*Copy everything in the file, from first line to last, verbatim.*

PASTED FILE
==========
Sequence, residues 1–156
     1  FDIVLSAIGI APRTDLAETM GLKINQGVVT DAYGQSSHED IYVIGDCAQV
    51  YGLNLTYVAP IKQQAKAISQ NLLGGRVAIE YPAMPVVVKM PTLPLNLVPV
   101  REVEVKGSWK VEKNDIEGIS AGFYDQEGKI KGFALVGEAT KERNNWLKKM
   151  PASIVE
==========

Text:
Sequence, residues 1–156
     1  FDIVLSAIGI APRTDLAETM GLKINQGVVT DAYGQSSHED IYVIGDCAQV
    51  YGLNLTYVAP IKQQAKAISQ NLLGGRVAIE YPAMPVVVKM PTLPLNLVPV
   101  REVEVKGSWK VEKNDIEGIS AGFYDQEGKI KGFALVGEAT KERNNWLKKM
   151  PASIVE